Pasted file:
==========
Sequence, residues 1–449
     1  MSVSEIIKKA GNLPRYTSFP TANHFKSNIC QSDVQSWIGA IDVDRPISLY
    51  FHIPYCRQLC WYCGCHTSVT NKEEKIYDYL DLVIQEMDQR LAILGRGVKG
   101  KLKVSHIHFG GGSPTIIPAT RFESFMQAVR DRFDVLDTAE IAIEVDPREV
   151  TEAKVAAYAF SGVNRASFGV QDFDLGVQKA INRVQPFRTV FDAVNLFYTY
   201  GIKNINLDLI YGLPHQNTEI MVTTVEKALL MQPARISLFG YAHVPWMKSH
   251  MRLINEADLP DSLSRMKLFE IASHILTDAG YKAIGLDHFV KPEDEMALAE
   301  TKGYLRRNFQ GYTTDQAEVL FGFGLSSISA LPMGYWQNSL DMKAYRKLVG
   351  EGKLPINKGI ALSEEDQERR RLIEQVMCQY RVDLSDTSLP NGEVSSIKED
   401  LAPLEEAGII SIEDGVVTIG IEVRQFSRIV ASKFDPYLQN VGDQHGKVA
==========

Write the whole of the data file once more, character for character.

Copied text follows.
Sequence, residues 1–449
     1  MSVSEIIKKA GNLPRYTSFP TANHFKSNIC QSDVQSWIGA IDVDRPISLY
    51  FHIPYCRQLC WYCGCHTSVT NKEEKIYDYL DLVIQEMDQR LAILGRGVKG
   101  KLKVSHIHFG GGSPTIIPAT RFESFMQAVR DRFDVLDTAE IAIEVDPREV
   151  TEAKVAAYAF SGVNRASFGV QDFDLGVQKA INRVQPFRTV FDAVNLFYTY
   201  GIKNINLDLI YGLPHQNTEI MVTTVEKALL MQPARISLFG YAHVPWMKSH
   251  MRLINEADLP DSLSRMKLFE IASHILTDAG YKAIGLDHFV KPEDEMALAE
   301  TKGYLRRNFQ GYTTDQAEVL FGFGLSSISA LPMGYWQNSL DMKAYRKLVG
   351  EGKLPINKGI ALSEEDQERR RLIEQVMCQY RVDLSDTSLP NGEVSSIKED
   401  LAPLEEAGII SIEDGVVTIG IEVRQFSRIV ASKFDPYLQN VGDQHGKVA